Sir — The recent shooting in an elementary school in Connecticut’s Newtown was gruesome and shocking (“US classroom wipeout feared after shooting”, Dec 15). It will take a long time for the parents of the young victims to come to terms with their loss. Less than five months ago, 12 people had been killed and 58 wounded by a gunman, who shot them inside a movie theatre in Colorado. The easy availability of guns in the United States of America is a probable cause of such debacles.
Both the carnages are also grim reminders of the rot within society. Youngsters are exposed to movies that portray — and even glorify — extreme violence. This, and the fact that parents can exercise negligible control over their children these days, will only cause such heinous crimes to recur. More innocent people will lose their lives in the process.
Another possible reason behind the agitation and violence in children is the atmosphere at home. Children learn from what they see. In households where the parents quarrel or indulge in violence regularly, children grow up in a restive and uncongenial atmosphere that fosters a rebellious attitude towards their parents as well as towards society.
Debolina Chakraborty, Digboi
Sir — History has seen numerous mass killings, including the carnages carried out by Attila the Hun, Genghis Khan, Hitler, Pol Pot and others. There are very few places that have not witnessed bloodshed. Violence is often the result of sociological and historical conditions that force perpetrators to act in cold blood. However, one cannot think of a possible motive behind the recent murders of innocent children at the Sandy Hook Elementary School in Connecticut. It seems that the country that is the most ‘advanced’ in the world in terms of material fulfilment has made it easy to acquire and use guns. One is tired of hearing about these atrocities and almost expects another such incident to occur soon. The politicians in the US may argue that ‘guns do not kill people; people do’, but no one can explain why guns are available so easily in that country. The National Rifle Association and its supporters will argue that it is the fear of rampage and murders like these that justifies the possession of guns by ordinary citizens. One wonders whether each of the murdered children and teachers should have had guns to protect himself or herself from the gunman.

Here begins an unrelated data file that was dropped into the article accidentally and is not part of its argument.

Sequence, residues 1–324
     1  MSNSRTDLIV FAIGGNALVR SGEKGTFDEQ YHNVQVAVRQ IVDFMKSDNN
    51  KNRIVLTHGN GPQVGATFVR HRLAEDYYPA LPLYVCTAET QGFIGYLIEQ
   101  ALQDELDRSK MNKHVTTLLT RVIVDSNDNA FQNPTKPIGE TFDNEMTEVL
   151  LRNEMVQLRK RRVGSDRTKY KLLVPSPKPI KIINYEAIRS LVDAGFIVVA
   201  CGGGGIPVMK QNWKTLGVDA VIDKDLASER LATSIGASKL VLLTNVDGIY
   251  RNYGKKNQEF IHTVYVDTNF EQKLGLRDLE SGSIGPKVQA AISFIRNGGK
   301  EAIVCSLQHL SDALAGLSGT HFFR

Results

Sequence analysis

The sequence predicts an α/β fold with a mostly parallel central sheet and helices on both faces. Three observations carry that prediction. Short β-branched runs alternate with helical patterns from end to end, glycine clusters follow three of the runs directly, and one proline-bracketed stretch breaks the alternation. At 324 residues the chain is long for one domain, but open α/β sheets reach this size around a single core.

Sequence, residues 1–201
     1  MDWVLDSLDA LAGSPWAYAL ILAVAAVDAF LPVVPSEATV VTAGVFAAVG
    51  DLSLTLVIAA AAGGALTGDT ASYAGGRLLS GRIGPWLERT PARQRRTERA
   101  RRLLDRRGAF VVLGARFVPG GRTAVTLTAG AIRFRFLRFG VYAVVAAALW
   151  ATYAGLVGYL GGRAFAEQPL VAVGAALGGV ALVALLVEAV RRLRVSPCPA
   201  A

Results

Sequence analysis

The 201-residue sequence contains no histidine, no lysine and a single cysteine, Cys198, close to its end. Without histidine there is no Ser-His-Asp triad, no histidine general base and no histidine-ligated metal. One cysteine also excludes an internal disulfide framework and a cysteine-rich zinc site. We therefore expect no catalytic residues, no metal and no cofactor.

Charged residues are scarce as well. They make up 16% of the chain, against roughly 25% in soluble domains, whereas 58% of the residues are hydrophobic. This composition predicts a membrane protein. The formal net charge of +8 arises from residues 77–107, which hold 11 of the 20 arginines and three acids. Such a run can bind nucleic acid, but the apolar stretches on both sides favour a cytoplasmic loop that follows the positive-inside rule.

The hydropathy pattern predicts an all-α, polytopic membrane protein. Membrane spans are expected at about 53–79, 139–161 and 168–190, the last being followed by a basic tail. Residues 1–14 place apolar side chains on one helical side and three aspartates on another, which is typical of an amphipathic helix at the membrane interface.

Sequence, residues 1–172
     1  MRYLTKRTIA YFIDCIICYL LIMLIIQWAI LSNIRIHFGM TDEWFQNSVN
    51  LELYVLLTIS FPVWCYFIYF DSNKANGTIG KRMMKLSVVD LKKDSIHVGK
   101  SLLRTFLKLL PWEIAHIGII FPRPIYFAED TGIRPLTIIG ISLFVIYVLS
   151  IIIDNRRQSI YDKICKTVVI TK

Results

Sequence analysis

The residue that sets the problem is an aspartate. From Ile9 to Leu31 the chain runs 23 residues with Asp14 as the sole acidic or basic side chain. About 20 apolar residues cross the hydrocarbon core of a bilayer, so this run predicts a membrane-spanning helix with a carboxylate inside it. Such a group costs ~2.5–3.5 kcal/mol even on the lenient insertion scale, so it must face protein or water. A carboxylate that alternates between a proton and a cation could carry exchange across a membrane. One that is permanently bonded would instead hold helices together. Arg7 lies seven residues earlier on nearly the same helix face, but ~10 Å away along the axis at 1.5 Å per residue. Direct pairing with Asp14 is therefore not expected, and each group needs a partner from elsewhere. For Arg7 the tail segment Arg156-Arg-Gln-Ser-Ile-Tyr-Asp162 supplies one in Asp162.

Trinanjan Mitra, Boulevard Pierre Dupong, Luxembourg
Sir — The murder of over 20 people by a gunman, Adam Lanza, in Connecticut was unfortunate. It made one recall the butchery at a gurdwara in Wisconsin earlier this year. The number of such horrific incidents is on the rise in the US. Still, there are few signs of efforts to deal with this menace on the part of the US government.
What Lanza has done is unforgivable, but it also needs to be noted that he was understood to have autism. There was a possibility of the bloodbath being averted had he not felt misunderstood and victimized by society. What is more urgent is the need for amendments in the US gun laws, which are often misused.
Janga Bahadur Sunuwar, Bagrakote, Jalpaiguri
Sir — It was shocking to hear about the the news of children slaughtered in the shooting at the Sandy Hook Elementary School. The president has responded by voicing his condolences and by vowing to stop such massacres instead of taking immediate measures to repeal the Second Amendment in order to pave the way for stricter gun control laws.
C. Dasgupta, Calcutta
Sir — The Sandy Hook Elementary School shooting incident was shocking but not surprising. Such incidents are only to be expected in a nation reportedly with a population of 315 million people possessing 300 million guns — nearly one for every citizen. It is strange that Barack Obama’s government has waged a war against terror, but seems not to notice that it is high time guns are made less accessible to mindless killers. The US government has to live up to its responsibility of protecting the citizens from threats generated within the country.
The slaughter in Connecticut is also an eye-opener for other countries where guns are a part of life. Stringent laws need to be in place so that such crimes against humanity are avoided.
Bidyut Kumar Chatterjee, Faridabad